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Win7 Update .exe wants internet.


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#1 w1L50n

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Posted 20 July 2015 - 01:23 PM

Recently I used Acronis to restore to an earlier version...much earlier.
As a bit of info, I have several partitions and keep Win7 on it's own, and different data (data only) on the others.
So I retored C: (os only) to a nice known (more or less) clean state, and I also elected to restore the MBR and Track 0 as well. This is because I have suspicions...but that is a larger issue which I will be addressing at another time.
At any rate, the computer thinks it is 2012 as far as windows updates in concerned, and I had a massive 170 uptates to dLoad and install....so be it.
 
During the updating, my anti-virus program Webroot, popped up saying a file wanted to access the internet. The file was from C:...something something flashplayer...so I blocked it. Of course Adobe wants to update it's stuff too, but one thing at a time. I got a couple more like that, that more or less made sense what they were and I blocked as well, I think I let one thru as it didn't seem to be adobe and thought it was maybe part of the update process. But then I saw something like this:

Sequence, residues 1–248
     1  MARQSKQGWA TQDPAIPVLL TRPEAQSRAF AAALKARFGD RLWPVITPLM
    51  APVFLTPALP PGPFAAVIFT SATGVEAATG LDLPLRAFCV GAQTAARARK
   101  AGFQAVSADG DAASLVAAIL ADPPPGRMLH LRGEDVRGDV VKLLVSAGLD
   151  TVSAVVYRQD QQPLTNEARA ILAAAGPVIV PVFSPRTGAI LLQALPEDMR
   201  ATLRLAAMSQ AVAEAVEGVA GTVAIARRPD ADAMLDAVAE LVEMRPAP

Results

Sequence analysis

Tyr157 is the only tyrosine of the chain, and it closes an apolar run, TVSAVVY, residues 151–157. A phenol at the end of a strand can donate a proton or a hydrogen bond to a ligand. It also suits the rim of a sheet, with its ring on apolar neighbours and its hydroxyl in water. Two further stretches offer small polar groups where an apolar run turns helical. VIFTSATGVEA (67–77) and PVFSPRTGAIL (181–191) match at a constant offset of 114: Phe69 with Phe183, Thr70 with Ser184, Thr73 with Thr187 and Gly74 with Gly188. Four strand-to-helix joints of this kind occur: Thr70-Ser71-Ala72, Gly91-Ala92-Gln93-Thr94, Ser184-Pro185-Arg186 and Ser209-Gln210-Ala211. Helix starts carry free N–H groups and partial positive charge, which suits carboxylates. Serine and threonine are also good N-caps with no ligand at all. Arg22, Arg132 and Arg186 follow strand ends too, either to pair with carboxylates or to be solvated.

A file is requesting access to the internet
S:\348h&12eq99234.exe
 
That is not the exact jibberish (I do have screenshots), but I'm sure about the .exe part.
The other thing is that drive S: has nothing to do with the os, but it is where I keep movies and other downloads. I blocked it. I got several more the same...about 3 or 4 all told.
So my question is:
When doing a windows update, does the process EVER put an .exe to another drive (maybe the one with most extra space?) and then request internet access??